Gridiron legends, stories, strategies, and laughter.



Paper Lion

By George Plimpton


The founding editor of The Paris Review took participatory journalism to new heights in this hilarious account of his short season as a quarterback-in-training for the Detroit Lions in the mid-1960s. Combining his status as a rank amateur with his genius as raconteur, Plimpton delivered a gem in this outsider's inside look.




The Blind Side

By Michael Lewis


Lewis cracks the surface glamour of today's game to focus on the often unsung importance of the left tackle, protector of the precious quarterback's "blind side." Telling the remarkable story of one young man, he has written a book that is both an insightful football study and a surprising and rewarding human drama.




When Pride Still Mattered

By David Maraniss


There is no pro football legend who casts a longer shadow across the history of the game than Vince Lombardi, the driven, emotional, and revered head coach who made the Green Bay Packers the titans of the NFL. This compelling biography is a rich and insightful portrait of the man and his teams—both on and off the field.




Carlisle vs. Army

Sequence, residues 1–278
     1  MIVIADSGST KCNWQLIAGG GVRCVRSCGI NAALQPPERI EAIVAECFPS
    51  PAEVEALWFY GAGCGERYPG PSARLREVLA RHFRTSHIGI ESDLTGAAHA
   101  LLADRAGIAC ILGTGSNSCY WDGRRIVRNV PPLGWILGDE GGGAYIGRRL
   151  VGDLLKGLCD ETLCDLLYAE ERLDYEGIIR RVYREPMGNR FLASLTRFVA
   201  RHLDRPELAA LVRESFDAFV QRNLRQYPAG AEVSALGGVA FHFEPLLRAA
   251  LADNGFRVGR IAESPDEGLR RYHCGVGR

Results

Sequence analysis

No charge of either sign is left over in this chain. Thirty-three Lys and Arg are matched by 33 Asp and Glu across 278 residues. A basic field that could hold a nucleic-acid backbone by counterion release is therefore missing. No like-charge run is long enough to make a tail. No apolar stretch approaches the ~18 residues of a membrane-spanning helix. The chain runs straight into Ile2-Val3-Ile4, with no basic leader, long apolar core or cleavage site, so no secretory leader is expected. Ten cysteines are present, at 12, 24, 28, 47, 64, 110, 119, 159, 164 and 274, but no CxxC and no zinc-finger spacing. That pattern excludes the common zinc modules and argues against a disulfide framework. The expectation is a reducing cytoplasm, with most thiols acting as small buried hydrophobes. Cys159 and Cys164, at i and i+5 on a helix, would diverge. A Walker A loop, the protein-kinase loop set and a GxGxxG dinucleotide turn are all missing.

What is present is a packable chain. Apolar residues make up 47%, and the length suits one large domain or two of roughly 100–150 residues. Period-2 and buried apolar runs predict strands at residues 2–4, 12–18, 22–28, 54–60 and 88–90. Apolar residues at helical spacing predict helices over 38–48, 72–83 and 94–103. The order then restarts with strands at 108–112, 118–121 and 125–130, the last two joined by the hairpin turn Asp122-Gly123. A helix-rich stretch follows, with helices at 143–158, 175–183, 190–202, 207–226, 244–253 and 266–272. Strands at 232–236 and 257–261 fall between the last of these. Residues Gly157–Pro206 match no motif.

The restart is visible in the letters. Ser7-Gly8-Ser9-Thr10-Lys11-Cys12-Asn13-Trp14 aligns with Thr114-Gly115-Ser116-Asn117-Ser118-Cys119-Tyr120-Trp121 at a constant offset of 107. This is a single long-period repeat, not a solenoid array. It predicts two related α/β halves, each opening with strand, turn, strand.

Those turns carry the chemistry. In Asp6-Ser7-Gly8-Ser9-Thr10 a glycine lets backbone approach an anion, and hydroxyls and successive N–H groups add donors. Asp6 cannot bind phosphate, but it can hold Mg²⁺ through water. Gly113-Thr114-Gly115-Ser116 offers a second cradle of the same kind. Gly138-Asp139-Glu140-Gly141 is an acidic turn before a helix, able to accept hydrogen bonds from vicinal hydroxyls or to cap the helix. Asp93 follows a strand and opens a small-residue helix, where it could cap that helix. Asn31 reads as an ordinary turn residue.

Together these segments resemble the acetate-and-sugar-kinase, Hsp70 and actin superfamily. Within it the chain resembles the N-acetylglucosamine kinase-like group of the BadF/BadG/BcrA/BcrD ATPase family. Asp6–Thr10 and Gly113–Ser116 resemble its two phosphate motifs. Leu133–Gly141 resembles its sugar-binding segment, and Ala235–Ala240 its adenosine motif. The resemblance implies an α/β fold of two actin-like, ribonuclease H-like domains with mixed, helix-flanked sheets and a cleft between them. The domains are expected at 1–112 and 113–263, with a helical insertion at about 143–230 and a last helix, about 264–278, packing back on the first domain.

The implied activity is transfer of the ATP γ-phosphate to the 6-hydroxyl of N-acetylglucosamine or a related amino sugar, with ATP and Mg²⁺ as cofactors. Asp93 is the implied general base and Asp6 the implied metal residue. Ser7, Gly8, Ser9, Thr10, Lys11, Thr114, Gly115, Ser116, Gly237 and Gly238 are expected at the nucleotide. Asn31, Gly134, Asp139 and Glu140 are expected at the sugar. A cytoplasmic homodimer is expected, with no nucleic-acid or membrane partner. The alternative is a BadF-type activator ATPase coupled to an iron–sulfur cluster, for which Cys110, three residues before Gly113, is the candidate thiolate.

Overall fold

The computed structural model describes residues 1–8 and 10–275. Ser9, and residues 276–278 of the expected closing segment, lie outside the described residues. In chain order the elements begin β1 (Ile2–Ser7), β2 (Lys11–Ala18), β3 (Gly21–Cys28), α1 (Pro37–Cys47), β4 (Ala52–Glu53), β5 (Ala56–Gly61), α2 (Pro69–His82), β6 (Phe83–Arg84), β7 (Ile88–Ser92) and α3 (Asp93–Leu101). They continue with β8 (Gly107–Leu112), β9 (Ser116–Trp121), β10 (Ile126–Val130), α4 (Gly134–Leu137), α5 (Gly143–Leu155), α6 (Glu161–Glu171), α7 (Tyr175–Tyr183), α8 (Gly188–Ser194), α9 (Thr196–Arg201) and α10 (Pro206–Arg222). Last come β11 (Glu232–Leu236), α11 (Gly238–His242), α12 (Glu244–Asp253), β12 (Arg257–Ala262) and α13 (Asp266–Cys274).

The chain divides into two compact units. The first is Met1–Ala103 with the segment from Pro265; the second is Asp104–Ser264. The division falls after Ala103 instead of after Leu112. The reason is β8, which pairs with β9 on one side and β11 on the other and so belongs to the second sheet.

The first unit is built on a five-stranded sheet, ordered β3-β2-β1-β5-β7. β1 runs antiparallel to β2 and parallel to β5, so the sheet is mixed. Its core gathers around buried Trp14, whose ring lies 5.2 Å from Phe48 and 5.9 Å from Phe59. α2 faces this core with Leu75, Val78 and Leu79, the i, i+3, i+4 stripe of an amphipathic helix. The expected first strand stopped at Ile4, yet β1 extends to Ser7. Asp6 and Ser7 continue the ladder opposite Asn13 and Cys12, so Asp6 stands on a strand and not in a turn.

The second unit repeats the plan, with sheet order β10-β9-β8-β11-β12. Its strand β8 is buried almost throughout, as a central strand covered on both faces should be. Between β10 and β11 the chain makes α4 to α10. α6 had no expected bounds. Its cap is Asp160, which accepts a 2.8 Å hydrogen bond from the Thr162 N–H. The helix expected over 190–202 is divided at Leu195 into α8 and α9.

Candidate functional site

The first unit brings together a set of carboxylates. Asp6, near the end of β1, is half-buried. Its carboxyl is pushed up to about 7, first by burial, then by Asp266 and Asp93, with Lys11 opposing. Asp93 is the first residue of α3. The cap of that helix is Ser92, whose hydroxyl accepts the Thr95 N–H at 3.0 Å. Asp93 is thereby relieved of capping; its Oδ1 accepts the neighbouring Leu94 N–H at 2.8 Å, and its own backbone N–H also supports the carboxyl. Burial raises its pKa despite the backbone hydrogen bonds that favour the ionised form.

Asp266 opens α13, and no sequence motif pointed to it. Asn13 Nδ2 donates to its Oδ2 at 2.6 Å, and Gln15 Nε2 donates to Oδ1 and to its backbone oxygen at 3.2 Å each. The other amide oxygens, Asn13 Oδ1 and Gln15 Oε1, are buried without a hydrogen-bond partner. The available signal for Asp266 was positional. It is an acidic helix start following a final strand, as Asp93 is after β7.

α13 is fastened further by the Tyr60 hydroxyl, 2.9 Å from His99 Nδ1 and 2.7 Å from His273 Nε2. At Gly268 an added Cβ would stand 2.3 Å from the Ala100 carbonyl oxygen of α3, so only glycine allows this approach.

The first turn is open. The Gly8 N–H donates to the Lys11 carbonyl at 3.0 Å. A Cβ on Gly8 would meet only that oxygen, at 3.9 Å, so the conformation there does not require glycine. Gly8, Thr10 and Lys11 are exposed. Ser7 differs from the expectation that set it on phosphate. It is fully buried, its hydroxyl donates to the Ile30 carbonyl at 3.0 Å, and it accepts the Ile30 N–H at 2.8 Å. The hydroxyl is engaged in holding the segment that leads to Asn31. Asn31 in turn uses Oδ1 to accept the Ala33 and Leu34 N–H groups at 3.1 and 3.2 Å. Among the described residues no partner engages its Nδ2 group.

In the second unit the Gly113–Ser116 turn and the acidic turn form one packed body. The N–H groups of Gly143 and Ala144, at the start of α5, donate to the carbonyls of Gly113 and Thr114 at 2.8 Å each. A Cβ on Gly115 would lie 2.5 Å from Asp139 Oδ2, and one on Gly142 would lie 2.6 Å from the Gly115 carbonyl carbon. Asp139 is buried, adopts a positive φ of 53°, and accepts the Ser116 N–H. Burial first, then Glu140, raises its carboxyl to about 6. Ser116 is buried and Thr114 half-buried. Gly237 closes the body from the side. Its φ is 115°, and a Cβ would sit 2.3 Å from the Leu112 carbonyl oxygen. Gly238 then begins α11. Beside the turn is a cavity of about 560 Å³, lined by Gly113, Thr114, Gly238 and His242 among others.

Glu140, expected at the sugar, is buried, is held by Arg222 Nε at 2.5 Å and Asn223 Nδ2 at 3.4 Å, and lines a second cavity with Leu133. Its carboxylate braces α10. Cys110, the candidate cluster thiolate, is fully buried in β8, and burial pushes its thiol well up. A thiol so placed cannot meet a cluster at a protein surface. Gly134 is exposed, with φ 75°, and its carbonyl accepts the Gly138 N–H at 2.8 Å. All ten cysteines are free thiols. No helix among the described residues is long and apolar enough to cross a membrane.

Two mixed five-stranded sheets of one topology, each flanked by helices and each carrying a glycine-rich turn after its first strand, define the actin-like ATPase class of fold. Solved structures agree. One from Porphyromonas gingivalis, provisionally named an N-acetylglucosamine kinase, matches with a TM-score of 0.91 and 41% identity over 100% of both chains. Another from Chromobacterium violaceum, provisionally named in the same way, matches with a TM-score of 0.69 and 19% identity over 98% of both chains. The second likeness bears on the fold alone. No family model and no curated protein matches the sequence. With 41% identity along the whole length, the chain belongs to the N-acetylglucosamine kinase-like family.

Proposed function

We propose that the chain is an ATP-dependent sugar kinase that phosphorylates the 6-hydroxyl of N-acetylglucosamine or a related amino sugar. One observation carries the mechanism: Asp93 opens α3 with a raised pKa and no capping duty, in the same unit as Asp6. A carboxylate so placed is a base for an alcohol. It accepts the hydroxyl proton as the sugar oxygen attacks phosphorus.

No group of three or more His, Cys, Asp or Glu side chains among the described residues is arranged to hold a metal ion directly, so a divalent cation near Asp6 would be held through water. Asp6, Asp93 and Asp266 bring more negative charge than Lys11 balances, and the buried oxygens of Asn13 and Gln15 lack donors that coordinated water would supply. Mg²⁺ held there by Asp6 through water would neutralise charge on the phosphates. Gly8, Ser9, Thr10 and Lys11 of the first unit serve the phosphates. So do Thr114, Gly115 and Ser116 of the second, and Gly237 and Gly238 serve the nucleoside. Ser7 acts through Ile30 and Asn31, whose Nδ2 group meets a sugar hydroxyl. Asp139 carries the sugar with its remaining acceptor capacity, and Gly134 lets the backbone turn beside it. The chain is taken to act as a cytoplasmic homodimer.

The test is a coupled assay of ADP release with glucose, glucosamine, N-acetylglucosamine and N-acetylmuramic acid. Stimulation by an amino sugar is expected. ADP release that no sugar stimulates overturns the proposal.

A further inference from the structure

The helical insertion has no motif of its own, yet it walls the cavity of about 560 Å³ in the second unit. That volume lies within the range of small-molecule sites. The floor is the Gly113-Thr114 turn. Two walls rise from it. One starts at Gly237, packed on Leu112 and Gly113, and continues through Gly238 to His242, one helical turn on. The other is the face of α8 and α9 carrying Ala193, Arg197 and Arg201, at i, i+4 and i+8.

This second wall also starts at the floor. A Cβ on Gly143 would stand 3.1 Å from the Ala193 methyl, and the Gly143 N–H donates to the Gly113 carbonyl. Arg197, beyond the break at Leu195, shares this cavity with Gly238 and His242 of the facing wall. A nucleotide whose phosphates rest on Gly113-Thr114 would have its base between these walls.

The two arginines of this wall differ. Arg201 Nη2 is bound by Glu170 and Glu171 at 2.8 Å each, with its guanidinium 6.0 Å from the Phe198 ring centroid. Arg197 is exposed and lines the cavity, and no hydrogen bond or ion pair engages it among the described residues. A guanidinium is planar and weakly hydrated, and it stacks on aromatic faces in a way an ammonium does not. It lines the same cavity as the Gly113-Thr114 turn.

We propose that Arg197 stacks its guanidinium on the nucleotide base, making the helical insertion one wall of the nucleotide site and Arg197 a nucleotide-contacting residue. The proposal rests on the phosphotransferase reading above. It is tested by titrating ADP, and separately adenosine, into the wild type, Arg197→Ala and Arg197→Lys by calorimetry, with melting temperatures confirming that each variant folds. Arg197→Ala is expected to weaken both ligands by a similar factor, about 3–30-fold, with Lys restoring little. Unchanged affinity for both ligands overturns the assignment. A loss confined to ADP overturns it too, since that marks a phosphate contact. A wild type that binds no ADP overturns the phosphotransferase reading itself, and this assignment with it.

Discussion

By Lars Anderson


With a character roster including the fabled athlete Jim Thorpe, future president Dwight Eisenhower, and football legend Pop Warner, this is a riveting account of a forgotten 1912 clash that pitted American Indians against the Army—this time on the gridiron—in a college game as dramatic as any ever played.





By Dan Jenkins


Ranked 7th on Sports Illustrated's list of the Top 100 Sports Books of All Time, Jenkins's novel recounts the adventures of Billy Clyde Puckett, star halfback of the New York Giants, in a vividly drawn world of whiskey, women, and—oh yeah—football. Uproarious and hard to put down, it was the basis of the movie starring Burt Reynolds and Kris Kirstofferson.


April 17: "In less than three years, both GM and Chrysler would be bankrupt, and a resurgent Ford would wow Wall Street..."

Donna Tartt's The Goldfinch is the winner of the 2014 Pulitzer Prize for Fiction. James Parker calls this Dickensian coming-of-age novel "an enveloping…

Books, CDs, DVDs to know about now
Poems That Make Grown Men Cry

And women too.  Luminaries from Colin Firth to Nick Cave and Jonathan Franzen chose the poems that bring them to tears, and the result is a stunning collection of poignant verse from writers like Auden, Whitman, Bishop, Larkin, Neruda and many others.  Warning: choking-up hazard.

The King of Pain

Trapped beneath his entertainment system, reality TV mastermind Rick Salter reflects on his life and tries to piece together the events of the previous evening. Seth Kaufman’s romp is an outrageous meditation on pain and entertainment in a deranged world in which the two are often interchangeable.

The Good Inn

Frank Black, frontman for the Pixies, has written a transgressive historical fiction with shades of Thomas Pynchon (focused as it is on the history of explosives and cinematic pornography), all set in a hallucinatory Edwardian Europe.